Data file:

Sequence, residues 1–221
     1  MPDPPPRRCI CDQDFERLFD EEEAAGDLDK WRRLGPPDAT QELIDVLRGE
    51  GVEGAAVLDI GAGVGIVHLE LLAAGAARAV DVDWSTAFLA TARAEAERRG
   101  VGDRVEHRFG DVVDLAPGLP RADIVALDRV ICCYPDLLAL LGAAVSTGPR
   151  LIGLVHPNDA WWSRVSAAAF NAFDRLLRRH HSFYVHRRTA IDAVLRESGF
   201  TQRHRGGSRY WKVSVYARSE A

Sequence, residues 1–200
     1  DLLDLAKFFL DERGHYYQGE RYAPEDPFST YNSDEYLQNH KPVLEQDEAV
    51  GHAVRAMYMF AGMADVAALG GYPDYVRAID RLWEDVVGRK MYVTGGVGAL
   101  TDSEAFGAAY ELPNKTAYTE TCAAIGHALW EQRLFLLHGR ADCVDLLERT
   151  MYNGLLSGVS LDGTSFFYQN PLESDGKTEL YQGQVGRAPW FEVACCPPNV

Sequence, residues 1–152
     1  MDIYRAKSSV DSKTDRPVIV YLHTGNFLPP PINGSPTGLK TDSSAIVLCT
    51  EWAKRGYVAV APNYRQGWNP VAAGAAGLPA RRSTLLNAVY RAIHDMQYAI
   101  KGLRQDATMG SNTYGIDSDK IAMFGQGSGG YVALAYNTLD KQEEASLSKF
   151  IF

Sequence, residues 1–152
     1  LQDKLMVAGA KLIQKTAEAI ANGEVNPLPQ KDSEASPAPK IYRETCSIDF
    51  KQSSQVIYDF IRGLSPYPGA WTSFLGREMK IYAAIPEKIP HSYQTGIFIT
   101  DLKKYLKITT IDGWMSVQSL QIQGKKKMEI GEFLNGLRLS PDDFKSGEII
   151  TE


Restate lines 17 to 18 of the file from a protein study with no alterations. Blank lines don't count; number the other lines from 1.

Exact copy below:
Sequence, residues 1–152
     1  LQDKLMVAGA KLIQKTAEAI ANGEVNPLPQ KDSEASPAPK IYRETCSIDF